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State v. Mays

Court of Appeals of Ohio, Eighth District

September 19, 2013

STATE OF OHIO, PLAINTIFF-APPELLEE
v.
TRACY MAYS, DEFENDANT-APPELLANT

Criminal Appeal from the Cuyahoga County Court of Common Pleas Case No. CR-559249.

ATTORNEY FOR APPELLANT Aaron T. Baker.

ATTORNEYS FOR APPELLEE Timothy J. McGinty Cuyahoga County Prosecutor BY: Andrew Rogalski Assistant Prosecuting Attorney The Justice Center.

BEFORE: E.T. Gallagher, J., Boyle, P.J., and S. Gallagher, J.

JOURNAL ENTRY AND OPINION

EILEEN T. GALLAGHER, J.

(¶ 1} Defendant-appellant, Tracy Mays ("Mays"), appeals his domestic violence conviction. We find no merit to the appeal and affirm.

(¶2} Mays was charged, by way of information, with one count of domestic violence. He subsequently informed the court, on the record, that he waived his right to presentment of the charge to a grand jury and executed a written waiver. At a later date, Mays pleaded no contest to the one count of domestic violence on the information charge. The court found Mays guilty and sentenced him to a 17-month prison term. Mays now appeals, raising two assignments of error.

(¶ 3} In the first assignment of error, Mays argues the trial court erred when it proceeded on the information charge without advising him of his constitutional right to a grand jury. He contends the court's acknowledgment of a signed waiver on the record fails to satisfy the requirements set forth in Crim.R. 7(A) and R.C. 2941.021. In the second assignment of error, Mays argues his conviction should be vacated, because the trial court failed to explain the difference between a guilty plea and a no contest plea. We discuss these assigned errors together because they are interrelated.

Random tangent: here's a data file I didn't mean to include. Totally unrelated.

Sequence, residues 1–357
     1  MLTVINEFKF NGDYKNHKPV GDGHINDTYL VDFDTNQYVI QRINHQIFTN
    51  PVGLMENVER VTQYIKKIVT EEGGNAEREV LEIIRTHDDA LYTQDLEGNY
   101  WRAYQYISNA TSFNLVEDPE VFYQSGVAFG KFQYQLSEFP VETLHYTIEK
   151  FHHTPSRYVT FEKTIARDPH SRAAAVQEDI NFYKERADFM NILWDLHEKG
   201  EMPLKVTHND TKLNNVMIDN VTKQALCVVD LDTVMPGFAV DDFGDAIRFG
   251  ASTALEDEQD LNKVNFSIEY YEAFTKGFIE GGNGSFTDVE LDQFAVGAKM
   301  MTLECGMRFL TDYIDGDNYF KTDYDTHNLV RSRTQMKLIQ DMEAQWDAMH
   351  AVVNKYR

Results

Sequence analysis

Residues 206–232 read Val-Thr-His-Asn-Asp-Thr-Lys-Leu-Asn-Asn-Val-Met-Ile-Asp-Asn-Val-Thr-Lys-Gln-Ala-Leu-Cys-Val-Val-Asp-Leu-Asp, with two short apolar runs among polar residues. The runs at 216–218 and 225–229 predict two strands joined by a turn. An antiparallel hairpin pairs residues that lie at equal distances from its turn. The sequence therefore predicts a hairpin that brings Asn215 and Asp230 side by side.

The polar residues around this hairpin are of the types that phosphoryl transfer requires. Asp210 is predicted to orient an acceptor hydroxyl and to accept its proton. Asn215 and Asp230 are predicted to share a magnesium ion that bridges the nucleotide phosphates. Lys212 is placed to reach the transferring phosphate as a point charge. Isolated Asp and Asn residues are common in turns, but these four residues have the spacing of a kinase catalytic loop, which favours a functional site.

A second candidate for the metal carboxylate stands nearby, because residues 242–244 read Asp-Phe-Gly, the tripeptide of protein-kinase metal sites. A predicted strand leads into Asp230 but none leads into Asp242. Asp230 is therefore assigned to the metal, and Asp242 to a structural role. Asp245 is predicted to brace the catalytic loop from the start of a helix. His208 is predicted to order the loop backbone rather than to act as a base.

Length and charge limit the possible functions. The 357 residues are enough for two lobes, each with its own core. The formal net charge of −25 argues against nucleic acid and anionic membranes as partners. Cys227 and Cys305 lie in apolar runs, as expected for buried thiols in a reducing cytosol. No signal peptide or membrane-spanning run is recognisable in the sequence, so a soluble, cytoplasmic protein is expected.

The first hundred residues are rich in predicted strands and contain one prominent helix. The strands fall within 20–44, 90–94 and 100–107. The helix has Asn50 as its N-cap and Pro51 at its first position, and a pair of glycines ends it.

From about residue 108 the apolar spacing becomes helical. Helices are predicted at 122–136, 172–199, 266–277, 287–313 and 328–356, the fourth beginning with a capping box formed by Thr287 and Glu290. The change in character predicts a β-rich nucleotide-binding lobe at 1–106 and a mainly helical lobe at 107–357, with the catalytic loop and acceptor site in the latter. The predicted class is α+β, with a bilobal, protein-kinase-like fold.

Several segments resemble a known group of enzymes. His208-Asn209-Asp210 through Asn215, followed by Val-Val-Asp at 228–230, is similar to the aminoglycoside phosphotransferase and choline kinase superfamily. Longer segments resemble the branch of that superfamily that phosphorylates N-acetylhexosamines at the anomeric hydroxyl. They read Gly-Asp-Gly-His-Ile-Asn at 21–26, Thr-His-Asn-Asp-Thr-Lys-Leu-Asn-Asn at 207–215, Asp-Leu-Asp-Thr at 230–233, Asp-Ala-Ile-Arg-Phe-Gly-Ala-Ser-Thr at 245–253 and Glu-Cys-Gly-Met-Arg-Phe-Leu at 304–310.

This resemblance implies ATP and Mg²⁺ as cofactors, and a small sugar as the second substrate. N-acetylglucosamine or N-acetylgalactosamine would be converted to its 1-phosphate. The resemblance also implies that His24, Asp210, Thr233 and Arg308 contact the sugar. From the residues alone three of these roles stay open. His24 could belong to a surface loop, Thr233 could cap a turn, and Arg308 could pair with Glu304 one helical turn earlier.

Waiver of Indictment

(¶4} Ohio Constitution, Article I, Section 10, provides that "no person shall be held to answer for a capital, or otherwise infamous, crime, unless on presentment or indictment of a grand jury." Thus, "the Ohio Constitution guarantees an accused that the essential facts constituting the offense for which he is tried will be found in the indictment by the grand jury." State v. Pepka, 125 Ohio St.3d 124, 2010-Ohio-1045, 926 N.E.2d 611, ¶ 14, citing Harris v. State, 125 Ohio St. 257, 264, 181 N.E. 104 (1932).

(¶ 5} Crim.R. 7(A) provides, in relevant part:

A felony that may be punished by death or life imprisonment shall be prosecuted by indictment. All other felonies shall be prosecuted by indictment, except that after a defendant has been advised by the court of the nature of the charge against the defendant and of the defendant's right to indictment, the defendant may waive that right in writing and in open court.

Similarly, R.C. 2941.021 provides that a defendant may be prosecuted by information "after he has been advised by the court of the nature of the charge against him and of his rights under the constitution, is represented by counsel or has affirmatively waived counsel by waiver in writing and in open ...


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